Italian experts’ perspective on social justice issues linked to surveillance capitalism practices


Emma Garavaglia & Dario Pizzul

Work packages

Surveillance capitalism, social exclusion and discrimination

Italian experts’ perspective on social justice issues linked to surveillance capitalism practices


In an economy predominantly driven by the exploitation of information sources, such as surveillance capitalism, power is in the hands of those who can manage this information. Therefore, the whole system relies on the unbalance between those subjected to exploitation and those who manage the data: this unbalance potentially creates or perpetuates social injustice. Among the most extensively researched disparities within surveillance capitalism are related to privacy issues. However, there are other serious potential social harms associated with the conventional practices of surveillance capitalism. For instance, scholars have begun to examine potential discriminatory and exclusionary threats that may arise due to the extensive utilization of data, but this area of study still requires significant development. Our study aims at contributing to the reflection on social justice issues related to surveillance capitalism practices, other than privacy. We focus on the Italian context, still an understudied case. The study has so far entailed the organization of 3 online focus groups (March and April 2023) with 11 total participants (both digital activists and experts). The main themes for discussion proposed in the sessions were the following: social injustice linked to surveillance capitalism processes; specific social, cultural or economic characteristics of the Italian context in relation to the theme; resistance practices in the Italian context.

The research question guiding our work is: Which are the specificities of the Italian context that can constitute a breeding ground for the potential harms deriving from surveillance capitalism practices?

Insights derived from our conversations with activists and experts show that, at the moment, Italy is far from having the conditions allowing to prevent and contrast the possible harms of surveillance capitalism processes. The themes around which the participants’ narration about this general issue has focused are now discussed more in detail. Overall, it is interesting to note that the aspects emerged and discussed during focus groups are not specifically linked to the economic aspects of surveillance capitalism (i.e.: the appropriation of economic value, without redistribution): these aspects seem much more invisible and difficult to ‘visualize’ and ‘verbalize’ even for experts.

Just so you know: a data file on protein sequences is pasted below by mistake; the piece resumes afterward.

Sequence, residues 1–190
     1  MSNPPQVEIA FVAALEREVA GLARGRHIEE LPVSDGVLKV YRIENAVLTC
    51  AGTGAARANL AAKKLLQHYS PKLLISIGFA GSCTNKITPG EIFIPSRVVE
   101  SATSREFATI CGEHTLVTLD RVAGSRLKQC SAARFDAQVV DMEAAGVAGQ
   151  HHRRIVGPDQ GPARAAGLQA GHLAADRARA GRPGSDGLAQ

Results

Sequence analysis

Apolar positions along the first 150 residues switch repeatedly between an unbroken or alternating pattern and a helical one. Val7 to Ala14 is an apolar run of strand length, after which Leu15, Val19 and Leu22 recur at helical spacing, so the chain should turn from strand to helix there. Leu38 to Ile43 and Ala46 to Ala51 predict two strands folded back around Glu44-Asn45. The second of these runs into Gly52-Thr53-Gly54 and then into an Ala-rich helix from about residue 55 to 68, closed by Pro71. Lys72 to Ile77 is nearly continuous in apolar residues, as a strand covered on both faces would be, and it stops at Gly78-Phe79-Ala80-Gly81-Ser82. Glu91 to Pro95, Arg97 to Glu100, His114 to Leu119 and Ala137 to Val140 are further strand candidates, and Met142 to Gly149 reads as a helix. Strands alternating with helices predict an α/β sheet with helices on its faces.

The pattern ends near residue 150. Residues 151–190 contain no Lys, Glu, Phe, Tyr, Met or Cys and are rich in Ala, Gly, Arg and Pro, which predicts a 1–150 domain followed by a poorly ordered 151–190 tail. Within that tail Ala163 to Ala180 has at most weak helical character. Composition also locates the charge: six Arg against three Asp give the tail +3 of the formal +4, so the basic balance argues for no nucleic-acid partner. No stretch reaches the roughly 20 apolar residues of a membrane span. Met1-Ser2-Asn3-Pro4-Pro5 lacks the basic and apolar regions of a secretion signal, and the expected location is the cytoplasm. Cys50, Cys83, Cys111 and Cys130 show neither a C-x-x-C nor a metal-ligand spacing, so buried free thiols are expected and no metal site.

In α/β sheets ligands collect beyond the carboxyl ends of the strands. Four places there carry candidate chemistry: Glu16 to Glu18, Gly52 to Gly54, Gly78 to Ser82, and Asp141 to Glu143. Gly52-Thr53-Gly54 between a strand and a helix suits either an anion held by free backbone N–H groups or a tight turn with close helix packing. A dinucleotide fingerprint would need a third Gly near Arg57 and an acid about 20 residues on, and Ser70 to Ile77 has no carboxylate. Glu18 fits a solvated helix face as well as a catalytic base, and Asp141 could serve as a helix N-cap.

Theme 1 - Lack of awareness and debate

Participants lamented the absence of informed, specialized and professional public and political debate on the topic of surveillance capitalism and its potential harms: Whenever European privacy issues came up, or for example we make a big petition, we make a European campaign on this issue, on illicit data collection, the Italian team always said: no, in Italy they don’t give a shit to anyone. We don’t do these campaigns. We tried, but no one signed it, it was a matter not heard, not relevant.

The complete lack of a shared discussion, involving various kinds of institutions and citizens, about issues of social injustice related to the collection and use of personal data by digital platforms – and actually, more in general, about surveillance capitalism – is considered an important obstacle to the capacity of preventing and contrasting existing risks.

It is interesting to notice that, even experts participating to our focus groups, more readily refer to the concept of privacy when discussing harms of surveillance capitalism.

Furthermore, participants recognised scarce digital literacy within the population (in general, and especially among certain groups – e.g. low educated groups) and linked this to a reduced awareness about the potential harms of surveillance capitalism in terms of social injustice: Specifically, to the Italian case there is no algorithmic awareness and awareness of the platforms, in the sense that even when we talk about online violence, but any other online phenomenon, there is no awareness of the mediation that takes place through the platform, so we tend to talk about these phenomena as if they were equal to those that occur in offline environments.